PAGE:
The fate of Oxfordshire CCG’s ambitious plan for outcomes based commissioning will have consequences for all clinical commissioning groups
One of the most pressing decisions Simon Stevens will have to make when he takes over as NHS England chief executive in April is how far he is prepared to back clinical commissioning groups acting as disruptive innovators in their healthcare economies.
‘Disruptive plans are going to struggle for political backing in the immediate run-up to the election’
This week HSJ reports on the standoff between Oxfordshire CCG and its main acute and mental health providers. The CCG wants to move rapidly away from activity based contracts to ones organised around, and paid on the basis of, outcomes.
This is just one of many such tussles across the country, in areas such as Northumberland, Cambridge, London and Surrey. But the battle in Oxfordshire is the one attracting attention at the centre.
This is unsurprising. Oxfordshire CCG is one of the largest commissioning groups and in Stephen Richards − the brother of Sir Mike − it has a confident leader. Ranged against him is an éminence grise of the provider sector, chief executive of Oxford University Hospitals Trust Sir Jonathan Michael, and Stuart Bell, the only mental health chief executive to regularly appear in the HSJ100 “power list”. The COBIC consultancy methodology that the CCG want to exploit was in part developed by former Tony Blair adviser (and Simon Stevens confidant) Paul Corrigan and has been championed NHS England’s Bob Ricketts.
Oh yes, and David Cameron happens to be a local MP.
‘The lesson from this tale is how far CCGs have to go to get noticed’
The way the story has unfolded is illuminating. The providers initially seemed to be untroubled by the CCG’s radical plans. This clearly changed and the two provider chief executives sent a letter that − in restrained NHS management speak − attempted to rubbish almost every detail of the plan; warning of dire consequences should it be implemented.
The tone of the letter suggests the providers were genuinely spooked by the plans; an unusual position for these powerful incumbents. But − to date − their tactics appear to have worked. The plans have been rolled into the longish grass. While the CCG declares its intention to pursue its proposals, the providers know time is − almost always − on their side.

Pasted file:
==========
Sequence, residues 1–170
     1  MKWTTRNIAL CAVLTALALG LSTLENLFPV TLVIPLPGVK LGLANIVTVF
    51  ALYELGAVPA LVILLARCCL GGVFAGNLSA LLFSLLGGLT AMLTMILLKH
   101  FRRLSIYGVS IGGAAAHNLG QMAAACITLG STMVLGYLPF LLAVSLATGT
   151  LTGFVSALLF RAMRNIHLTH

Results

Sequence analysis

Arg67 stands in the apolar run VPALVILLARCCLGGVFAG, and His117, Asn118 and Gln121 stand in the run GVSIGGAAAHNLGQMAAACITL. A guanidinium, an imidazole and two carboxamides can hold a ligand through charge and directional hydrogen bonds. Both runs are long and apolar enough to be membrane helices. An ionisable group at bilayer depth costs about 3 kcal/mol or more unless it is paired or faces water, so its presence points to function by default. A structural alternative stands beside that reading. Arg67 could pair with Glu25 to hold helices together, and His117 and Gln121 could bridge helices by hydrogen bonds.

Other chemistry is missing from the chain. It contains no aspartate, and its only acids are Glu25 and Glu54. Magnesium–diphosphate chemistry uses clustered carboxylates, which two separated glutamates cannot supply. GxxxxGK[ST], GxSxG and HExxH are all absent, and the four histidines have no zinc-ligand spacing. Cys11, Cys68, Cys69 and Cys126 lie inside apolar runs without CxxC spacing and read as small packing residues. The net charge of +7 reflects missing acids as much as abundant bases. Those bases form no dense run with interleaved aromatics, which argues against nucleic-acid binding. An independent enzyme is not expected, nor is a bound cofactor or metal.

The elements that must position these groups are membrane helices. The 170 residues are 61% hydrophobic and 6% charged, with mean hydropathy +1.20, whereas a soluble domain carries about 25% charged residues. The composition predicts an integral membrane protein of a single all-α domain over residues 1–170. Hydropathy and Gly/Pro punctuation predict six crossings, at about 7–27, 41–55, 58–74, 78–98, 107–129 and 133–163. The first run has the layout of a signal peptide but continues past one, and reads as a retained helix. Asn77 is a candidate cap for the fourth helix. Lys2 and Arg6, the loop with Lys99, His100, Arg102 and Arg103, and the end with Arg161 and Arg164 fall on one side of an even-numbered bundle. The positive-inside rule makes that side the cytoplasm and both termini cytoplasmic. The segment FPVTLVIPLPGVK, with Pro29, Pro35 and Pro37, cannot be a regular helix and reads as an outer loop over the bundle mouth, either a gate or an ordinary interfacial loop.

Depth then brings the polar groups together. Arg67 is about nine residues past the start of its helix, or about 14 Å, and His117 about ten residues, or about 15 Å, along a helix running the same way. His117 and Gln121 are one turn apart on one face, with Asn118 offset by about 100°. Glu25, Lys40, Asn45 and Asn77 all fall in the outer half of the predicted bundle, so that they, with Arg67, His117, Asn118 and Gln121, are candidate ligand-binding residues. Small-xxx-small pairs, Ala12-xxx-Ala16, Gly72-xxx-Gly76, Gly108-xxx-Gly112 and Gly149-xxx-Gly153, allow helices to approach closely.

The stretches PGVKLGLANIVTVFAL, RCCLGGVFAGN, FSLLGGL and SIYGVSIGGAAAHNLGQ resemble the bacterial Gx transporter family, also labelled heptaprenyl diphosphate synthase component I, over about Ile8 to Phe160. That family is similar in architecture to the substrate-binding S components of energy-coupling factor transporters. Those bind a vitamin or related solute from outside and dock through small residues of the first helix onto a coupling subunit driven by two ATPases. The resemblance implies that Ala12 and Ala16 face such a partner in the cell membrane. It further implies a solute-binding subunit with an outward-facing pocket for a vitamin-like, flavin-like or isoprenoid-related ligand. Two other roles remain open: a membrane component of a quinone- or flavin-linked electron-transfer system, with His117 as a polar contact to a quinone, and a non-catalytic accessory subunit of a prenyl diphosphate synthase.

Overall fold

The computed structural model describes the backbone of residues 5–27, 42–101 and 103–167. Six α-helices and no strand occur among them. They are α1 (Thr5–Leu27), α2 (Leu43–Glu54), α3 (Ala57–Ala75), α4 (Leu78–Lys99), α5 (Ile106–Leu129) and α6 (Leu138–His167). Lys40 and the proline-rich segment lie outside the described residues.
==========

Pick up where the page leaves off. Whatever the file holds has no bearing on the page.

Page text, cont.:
Disruptive plans are going to struggle for political backing in the immediate run-up to the election and should Labour win, CCGs are likely to see a significant reduction in their influence − and providers a considerable increase.
The other lesson from this tale is how far CCGs have to go to get noticed. The implied threat in the use of outcome based contracts is the introduction of new providers. It is instructive of the relatively weak position of even one of the biggest CCGs that it chose to raise this spectre in order to be taken seriously.
Ambitious CCGs are unlikely to get very far without central backing. NHS England under Sir David Nicholson has prioritised maintaining stability through a period of change.
‘Simon Stevens will want to support whoever has the best chance of making desirable change happen’
The delicate nature of the NHS’s finances and emerging threats such as accident and emergency waits mean many in government are grateful for that approach and would agree about the danger of moving too fast in adopting a relatively untried system.
But there are others in influential positions who are asking what the reforms are for if not to empower commissioners to challenge existing provider models and to relatively quickly switch the focus to measures that more directly reflect care outcomes. They are also keen for NHS England to be more active in support of these aims.
Mr Stevens will listen to the lobbying with a pragmatic mindset; he will want to support whoever has the best chance of making desirable change happen. But he will also know that “defeat” in the battle of Oxfordshire and other high profile confrontations will strengthen the view that clinical commissioning has limited prospects of making a real difference.